Greta Gerwig talks about the death of youth in ‘Frances Ha’

Greta Gerwig co-wrote and stars in "Frances Ha," about one woman's suspended adolescence Credit: Getty Images
Greta Gerwig co-wrote and stars in “Frances Ha,” about one woman’s suspended adolescence.
Credit: Getty Images

Time is something that has always been on Greta Gerwig’s mind. Her new film, “Frances Ha” — in which she stars and she also co-wrote with director Noah Baumbach — deals intimately with the growing pains that hit around age 27, both in terms of friendships and relationships as well as career. And if there’s one lesson Gerwig has learned — and continues to relearn — it’s that you have to stop comparing yourself to others.

This movie deals a lot with what some people might call suspended adolescence.
Yeah, yeah. That’s a thing. I don’t know, it’s probably a combination of cultural factors, but I think being a young man for a very long time meant… a lot of people went into the military. I mean, my grandfather and my great-uncles. And my parents’ generation — it was like if you didn’t go to Vietnam, there had to have been a reason. And then women obviously got married much younger and had children much younger. And now it’s like we don’t have the preponderance of marriage or death, so it’s a different thing.

But I think regardless of whether you have arrested adolescence or suspended adolescence or not, I think there is a passage out of youth that happens around 27 or 28. I was really interested in that. I’m not that interested in youth, I’m interested in the death of youth. (laughs) But I always felt that way, even when I was 21 or 22. I was always kind of interested in the moment when you pass out of it. Or I don’t know, for some reason those moments I always felt them more deeply than I think anybody else does, and I always feel insecure still when I bring them up. Like I remember being at a birthday party for a 17-year-old when I was 23, and I just felt so old. I felt like the oldest person in the world. Because you are, compared to a 17-year-old or an 18-year-old.

Twenty-three to them is like…
It’s like you’re ancient. And then I remember telling people around me that and them kind of saying, “You’re a freak. 33 is young. Why is this bothering you?” And then I had a moment recently at a dinner party with friends who are all like 28, 29, my age. And there was a moment when all of the men were talking in one room and all the women were in the kitchen, and I was like, “This is how you become who you’re going to be. This is how these things start. And one day we’re going to have kids who, like, run into another room.” And everyone’s like, “Why do you memorialize these things as they’re happening?” But I feel like I’ve always had a sense of fatality when it comes to passing through moments, and I think that’s probably something that Noah and I share. (laughs) I don’t know, I’m always aware of the moment passing, in some ways, and that kind of melancholy of enjoying something for the last time. But in “Frances” you don’t even know it’s the last day like that. It’s like you don’t know what the last day of something will be until later and you’re like, “That was the last day.”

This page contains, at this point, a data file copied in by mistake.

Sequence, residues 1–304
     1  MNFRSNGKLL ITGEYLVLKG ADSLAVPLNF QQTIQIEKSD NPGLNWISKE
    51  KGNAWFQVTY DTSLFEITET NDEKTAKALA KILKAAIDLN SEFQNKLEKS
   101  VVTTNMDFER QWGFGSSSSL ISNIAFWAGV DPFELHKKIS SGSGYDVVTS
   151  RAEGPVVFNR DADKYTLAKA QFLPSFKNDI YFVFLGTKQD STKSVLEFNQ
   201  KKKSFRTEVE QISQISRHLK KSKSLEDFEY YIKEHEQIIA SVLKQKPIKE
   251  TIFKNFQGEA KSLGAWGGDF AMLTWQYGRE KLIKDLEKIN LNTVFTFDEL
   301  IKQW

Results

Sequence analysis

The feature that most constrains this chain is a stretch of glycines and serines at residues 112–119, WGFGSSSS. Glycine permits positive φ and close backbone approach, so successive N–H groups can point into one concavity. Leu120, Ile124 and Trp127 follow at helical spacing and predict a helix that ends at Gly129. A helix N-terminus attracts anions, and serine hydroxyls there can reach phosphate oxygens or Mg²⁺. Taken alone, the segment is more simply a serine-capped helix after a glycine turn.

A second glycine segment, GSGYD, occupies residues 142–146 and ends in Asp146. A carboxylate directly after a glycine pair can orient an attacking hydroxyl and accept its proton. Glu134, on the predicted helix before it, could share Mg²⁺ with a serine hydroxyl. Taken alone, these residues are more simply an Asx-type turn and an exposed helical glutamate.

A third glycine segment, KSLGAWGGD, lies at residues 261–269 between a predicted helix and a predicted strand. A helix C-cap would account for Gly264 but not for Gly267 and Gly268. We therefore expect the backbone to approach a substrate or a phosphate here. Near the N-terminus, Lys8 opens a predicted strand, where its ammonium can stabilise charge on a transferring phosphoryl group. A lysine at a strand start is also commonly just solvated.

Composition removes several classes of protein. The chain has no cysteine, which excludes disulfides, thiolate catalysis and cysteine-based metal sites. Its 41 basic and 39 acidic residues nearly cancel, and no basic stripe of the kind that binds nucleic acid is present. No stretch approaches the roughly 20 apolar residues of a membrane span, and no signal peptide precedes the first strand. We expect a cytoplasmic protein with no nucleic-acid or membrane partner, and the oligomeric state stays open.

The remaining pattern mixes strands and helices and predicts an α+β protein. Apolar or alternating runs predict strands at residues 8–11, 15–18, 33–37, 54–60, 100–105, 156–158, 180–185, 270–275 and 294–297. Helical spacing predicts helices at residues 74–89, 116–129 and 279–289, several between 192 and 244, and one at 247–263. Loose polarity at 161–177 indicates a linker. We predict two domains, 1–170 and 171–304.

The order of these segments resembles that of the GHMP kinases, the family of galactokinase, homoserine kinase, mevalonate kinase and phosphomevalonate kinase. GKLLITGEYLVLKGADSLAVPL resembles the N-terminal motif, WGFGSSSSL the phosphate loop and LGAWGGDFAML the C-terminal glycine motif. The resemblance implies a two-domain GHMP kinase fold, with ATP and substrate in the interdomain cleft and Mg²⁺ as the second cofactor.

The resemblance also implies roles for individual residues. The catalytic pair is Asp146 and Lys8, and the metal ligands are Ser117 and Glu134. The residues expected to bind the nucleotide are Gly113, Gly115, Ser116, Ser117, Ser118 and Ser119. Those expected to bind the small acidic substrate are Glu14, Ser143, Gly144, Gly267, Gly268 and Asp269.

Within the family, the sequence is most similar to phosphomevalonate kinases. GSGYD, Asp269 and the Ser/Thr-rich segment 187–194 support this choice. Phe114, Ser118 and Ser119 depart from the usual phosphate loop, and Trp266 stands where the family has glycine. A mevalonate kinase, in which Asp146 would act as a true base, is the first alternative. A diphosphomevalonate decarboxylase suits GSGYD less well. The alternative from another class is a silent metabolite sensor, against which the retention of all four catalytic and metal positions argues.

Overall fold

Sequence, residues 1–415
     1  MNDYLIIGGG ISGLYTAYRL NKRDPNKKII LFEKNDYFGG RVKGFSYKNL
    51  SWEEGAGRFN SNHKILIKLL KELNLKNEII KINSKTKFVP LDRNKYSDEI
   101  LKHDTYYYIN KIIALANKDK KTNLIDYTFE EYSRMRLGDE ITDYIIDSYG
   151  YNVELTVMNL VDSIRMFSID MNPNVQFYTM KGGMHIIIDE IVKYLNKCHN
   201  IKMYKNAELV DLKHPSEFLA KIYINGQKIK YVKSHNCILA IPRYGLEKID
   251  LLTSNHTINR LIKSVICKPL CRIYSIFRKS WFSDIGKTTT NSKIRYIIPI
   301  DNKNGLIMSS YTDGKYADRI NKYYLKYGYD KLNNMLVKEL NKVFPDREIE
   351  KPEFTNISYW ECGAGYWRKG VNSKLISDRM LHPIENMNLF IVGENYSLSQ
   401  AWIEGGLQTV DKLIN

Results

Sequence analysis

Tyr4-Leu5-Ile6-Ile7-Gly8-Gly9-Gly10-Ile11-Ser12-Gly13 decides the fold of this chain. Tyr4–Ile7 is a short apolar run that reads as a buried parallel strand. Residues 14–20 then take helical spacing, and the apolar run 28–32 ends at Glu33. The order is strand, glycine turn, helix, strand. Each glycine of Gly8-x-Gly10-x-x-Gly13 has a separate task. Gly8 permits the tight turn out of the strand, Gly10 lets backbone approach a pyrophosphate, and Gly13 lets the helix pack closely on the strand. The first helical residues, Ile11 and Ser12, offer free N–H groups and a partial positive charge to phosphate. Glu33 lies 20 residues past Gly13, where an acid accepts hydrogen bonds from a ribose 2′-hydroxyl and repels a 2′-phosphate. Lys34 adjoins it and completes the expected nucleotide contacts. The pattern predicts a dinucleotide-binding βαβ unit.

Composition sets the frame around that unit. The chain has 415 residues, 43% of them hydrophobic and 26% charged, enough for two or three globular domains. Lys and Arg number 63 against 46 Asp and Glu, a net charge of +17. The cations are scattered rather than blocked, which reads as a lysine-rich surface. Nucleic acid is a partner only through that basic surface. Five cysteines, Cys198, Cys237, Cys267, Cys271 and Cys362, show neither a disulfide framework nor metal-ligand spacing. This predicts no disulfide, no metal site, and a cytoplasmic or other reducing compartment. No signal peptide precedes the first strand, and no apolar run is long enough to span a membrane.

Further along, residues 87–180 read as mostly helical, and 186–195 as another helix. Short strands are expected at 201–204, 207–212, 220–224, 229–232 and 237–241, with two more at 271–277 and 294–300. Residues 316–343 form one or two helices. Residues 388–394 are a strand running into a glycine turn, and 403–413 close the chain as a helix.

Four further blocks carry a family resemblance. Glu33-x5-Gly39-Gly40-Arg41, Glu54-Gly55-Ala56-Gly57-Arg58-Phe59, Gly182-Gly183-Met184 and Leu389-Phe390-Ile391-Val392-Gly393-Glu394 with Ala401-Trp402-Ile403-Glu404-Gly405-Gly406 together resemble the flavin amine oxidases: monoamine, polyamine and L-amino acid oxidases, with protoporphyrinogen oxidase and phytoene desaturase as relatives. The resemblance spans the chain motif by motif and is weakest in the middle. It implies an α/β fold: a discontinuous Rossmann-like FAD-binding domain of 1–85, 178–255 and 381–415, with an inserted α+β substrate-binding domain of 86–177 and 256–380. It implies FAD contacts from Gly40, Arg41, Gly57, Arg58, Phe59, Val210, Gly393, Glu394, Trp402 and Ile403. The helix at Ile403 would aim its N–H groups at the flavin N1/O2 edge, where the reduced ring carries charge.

Whoops.
Yeah. “I guess that happened.” There’s this book called “The Shadow Line” by Joseph Conrad. It’s about a 27-year-old who goes through these turns of events he becomes a captain of a ship. Basically he comes to realize that, “I’m never going to go back to being a ship’s mate. I’m a captain now. I’m an adult. Everything that’s come before this has passed away, and this is my life.” And the shadow line refers to when you pass through a equatorial line or something and you don’t know until you’re already over it. You never know at the moment that it’s happening. And I thought that was very sad and evocative. And at the end of it it’s all these old sailors sitting around telling stories to each other of their youth, but then you put it together and you’re like, “You guys are all, like, 40. You’re not that old.”

It was old then.
Yeah, it was old then. I don’t know, this is completely different, but with like the Beatles, they had done everything and broken up by the time they were 29. They’d done all of the Beatles by the time they were 29, which is horrifying.

It’s unfair to do an age and accomplishment comparison when it comes to musicians.
It’s always the worst. Unless you’re Leonard Cohen. I mean, this is probably the neurotic in me, but I feel like it’s good to choose something where the people who are best at it tend to be older than you. Because, I don’t know, I want to write and direct, and I feel like you make all your best movies between 30 and 60. Pretty much every director is like that. So, I don’t know, that gives me 30 years. (laughs) You can’t compare yourself to others age-wise because it’s just, like, a losing thing to worry about. I don’t know. One of the reasons that we made Frances a dancer — other than the fact that I love dance and I love dance on film — is that at 27 it’s done. If you’re not doing it, you’re not going to do it.

This is a career with an expiration date.
Right. And there aren’t many that have those expiration dates. So it felt like it was just an appropriate fit metaphorically for everything else that was going on, like with her friendship with Sophie. It’s going to not be this way always.



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